The results indicate almost complete vulnerability to the threat of the spread of monkeypox of persons under the age of 45. Also, a decrease in the protective titer of VNA in persons over 66 years of age causes concern. This indicates the relevance of the priority use of vaccination in these groups. The availability of safe vaccines remains a problem. In the Russian Federation, two drugs have been registered for medical use that are most likely to protect against monkeypox. The one is the medication for primary immunization - live smallpox vaccine (Smallpox vaccine) (Smallpox vaccine live (smallpox vaccine)) (produced by AO Microgen) (28). The second one is the drug for adult revaccination TEOVac (live smallpox embryonic vaccine) (produced by 48-Central Research Institute of the Ministry of Defence Russia) (29).
Both vaccines cannot be widely recommended as primary immunization agents for the prevention of monkey pox (25). Their use is limited in chronic diseases, pregnant women, and people with immunodeficiency. As a safer alternative, smallpox inactivated vaccine can be used (30). An inactivated vaccine with significantly lower reactogenicity does not cause a prolonged immune response. Its use is advisable at the first stage during two-stage smallpox vaccination followed by vaccination with live smallpox vaccine (25). In this regard, the issue of developing and creating a reserve of third- and fourth-generation vaccines with high efficacy against orthopoxviruses and monkeypox virus as well as low reactogenicity for the possibility of their widespread use is acute.
In the study we showed the presence of a significant stratum of people with a protective level of VNA after more than 40 years after vaccination. This is a significantly longer period than was previously known (13). In cohorts of people over 45 years old, from 33.3% to 53.6% have a protective level of antibodies. The proportion with protective titers was significantly higher than described for China (15) and comparable to the proportion obtained for residents of Brazil (14), USA (31, 32), Japan (33) and Italy (2).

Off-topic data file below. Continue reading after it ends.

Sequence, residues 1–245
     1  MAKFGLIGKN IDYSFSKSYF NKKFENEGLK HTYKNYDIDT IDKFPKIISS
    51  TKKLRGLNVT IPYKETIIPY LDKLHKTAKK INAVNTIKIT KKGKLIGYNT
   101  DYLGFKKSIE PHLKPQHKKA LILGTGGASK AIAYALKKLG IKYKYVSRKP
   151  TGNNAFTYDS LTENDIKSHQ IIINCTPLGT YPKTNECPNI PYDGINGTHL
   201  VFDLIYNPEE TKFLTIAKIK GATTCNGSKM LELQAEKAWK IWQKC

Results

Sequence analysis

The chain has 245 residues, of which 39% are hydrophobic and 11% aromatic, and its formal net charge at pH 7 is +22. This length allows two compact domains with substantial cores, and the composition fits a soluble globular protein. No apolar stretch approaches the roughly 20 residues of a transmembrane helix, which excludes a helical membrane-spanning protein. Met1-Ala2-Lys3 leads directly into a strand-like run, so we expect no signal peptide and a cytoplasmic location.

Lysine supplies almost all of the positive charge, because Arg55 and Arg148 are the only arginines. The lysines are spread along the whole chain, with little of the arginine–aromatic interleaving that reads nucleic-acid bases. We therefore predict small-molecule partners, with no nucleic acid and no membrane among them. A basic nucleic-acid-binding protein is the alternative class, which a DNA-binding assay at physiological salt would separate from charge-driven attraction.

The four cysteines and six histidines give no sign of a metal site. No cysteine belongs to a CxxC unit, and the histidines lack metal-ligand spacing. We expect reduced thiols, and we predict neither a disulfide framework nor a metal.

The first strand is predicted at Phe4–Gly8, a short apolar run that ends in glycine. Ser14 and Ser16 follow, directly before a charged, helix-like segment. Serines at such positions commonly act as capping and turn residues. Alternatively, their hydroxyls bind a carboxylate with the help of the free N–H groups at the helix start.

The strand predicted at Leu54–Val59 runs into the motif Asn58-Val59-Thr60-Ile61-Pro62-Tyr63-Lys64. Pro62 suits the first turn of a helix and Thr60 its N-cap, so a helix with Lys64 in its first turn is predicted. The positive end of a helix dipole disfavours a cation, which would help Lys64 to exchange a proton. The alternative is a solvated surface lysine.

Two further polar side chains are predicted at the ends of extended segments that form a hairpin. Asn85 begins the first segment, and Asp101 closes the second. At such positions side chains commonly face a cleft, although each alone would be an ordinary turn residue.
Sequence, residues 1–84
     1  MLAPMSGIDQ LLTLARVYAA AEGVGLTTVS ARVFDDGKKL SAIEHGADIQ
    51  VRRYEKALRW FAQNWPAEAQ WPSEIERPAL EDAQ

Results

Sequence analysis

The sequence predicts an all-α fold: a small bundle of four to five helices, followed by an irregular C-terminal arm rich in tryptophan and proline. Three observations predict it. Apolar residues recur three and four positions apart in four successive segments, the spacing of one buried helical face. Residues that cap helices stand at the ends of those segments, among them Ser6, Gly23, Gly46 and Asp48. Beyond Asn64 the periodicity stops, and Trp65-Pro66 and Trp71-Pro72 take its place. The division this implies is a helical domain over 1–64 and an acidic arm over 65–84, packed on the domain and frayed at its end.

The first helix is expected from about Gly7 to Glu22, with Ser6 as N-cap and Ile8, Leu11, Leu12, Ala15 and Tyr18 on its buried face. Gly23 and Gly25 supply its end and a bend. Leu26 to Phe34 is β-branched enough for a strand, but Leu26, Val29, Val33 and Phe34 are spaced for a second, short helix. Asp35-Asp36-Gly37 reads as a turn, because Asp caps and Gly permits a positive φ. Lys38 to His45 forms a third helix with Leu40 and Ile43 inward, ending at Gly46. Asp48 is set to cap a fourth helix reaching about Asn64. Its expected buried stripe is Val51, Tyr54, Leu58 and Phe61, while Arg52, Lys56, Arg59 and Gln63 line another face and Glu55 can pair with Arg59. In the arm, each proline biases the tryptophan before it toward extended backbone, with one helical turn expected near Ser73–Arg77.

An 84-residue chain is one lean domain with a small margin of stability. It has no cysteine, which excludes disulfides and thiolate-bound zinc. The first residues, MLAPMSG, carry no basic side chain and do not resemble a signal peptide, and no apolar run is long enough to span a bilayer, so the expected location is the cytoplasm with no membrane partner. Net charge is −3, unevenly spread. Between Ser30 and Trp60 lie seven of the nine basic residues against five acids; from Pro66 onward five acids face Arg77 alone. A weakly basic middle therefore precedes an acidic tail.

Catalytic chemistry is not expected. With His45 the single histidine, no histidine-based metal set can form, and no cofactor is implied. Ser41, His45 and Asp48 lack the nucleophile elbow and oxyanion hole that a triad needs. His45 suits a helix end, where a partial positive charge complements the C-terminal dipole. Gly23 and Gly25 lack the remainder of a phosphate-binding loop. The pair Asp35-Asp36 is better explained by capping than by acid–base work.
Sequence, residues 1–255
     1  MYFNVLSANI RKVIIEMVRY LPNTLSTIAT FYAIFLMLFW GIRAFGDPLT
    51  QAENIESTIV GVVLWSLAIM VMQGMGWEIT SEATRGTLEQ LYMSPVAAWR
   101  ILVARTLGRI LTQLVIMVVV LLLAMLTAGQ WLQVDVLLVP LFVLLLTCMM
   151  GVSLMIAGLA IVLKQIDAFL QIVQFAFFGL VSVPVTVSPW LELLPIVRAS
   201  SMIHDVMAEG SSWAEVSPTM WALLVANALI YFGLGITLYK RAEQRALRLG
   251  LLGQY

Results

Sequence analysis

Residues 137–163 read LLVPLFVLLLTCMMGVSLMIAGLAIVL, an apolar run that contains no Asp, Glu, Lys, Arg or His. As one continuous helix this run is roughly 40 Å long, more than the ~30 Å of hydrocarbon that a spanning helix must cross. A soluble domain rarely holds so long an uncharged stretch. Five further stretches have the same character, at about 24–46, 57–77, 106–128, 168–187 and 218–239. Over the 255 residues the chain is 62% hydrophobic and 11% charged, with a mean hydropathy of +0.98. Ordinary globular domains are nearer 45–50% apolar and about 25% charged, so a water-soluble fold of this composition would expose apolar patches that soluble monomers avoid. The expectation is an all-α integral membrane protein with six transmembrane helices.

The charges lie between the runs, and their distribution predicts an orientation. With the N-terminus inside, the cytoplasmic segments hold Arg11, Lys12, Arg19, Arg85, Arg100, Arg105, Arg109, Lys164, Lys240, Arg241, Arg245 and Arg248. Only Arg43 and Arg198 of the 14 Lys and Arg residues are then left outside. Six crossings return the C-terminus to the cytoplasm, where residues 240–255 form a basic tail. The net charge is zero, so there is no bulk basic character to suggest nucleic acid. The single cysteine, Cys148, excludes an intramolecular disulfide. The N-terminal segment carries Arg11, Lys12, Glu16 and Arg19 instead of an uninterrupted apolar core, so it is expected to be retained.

The advantage of our study is many analyzed samples, detailing cohorts by age and using not only the ELISA method, but also in combination with the test of viral neutralizing activity on a laboratory strain of Vaccinia virus. The established level of protection is insufficient to achieve collective immunity. Our calculations based on open data on the incidence of monkeypox in 2022 show that to stop the circulation of the virus in the population, at least 50.25 – 65.28% must be immune to monkeypox. According to Gani and Leach (34) R0 of smallpox virus can vary from 3.5 to 6, so the minimal herd immunity level on the start of epidemic process may reach 71.4 – 83.3%.
Our study has several limitations because we did not evaluate the protective level against monkeypox virus. In the Russian Federation, the monkeypox virus is classified as pathogens of the first group of pathogenicity (BSL 4), which significantly limits research. The presence of high VNA titers for the Vaccinia virus may not fully reflect the protection against monkeypox. Literature data indicate that the cross-immunity among orthopox-virus (including Vaccinia virus, Smallpox, Monkeypox etc.) is so strong that it allows us to count on successful extrapolation of the data obtained for protection against monkeypox virus (35, 36).
In the age group under 45 years of age, the proportion of people with a protective level of antibodies does not exceed 6.7%. Among people over 45, it ranges from 33.3 to 53.2%. An increase in the level of IgG antibodies to the Vaccinia virus among people older than 45 years of age does not lead to an increase in the protective level in VNA. On the contrary, there may be a tendency to decrease the protective level. Priority for vaccination by age are groups of people under 45 years old, as well as, possibly, over 66 years old. To ensure the protection of the population in the event of widespread monkeypox in Moscow, it is necessary to introduce an effective and low-reactogenic vaccine of a new generation. To stop the circulation of the virus in the population, it is necessary to achieve collective immunity at a level of at least 50.25 – 65.28%.
Materials and methods
Collection of serum samples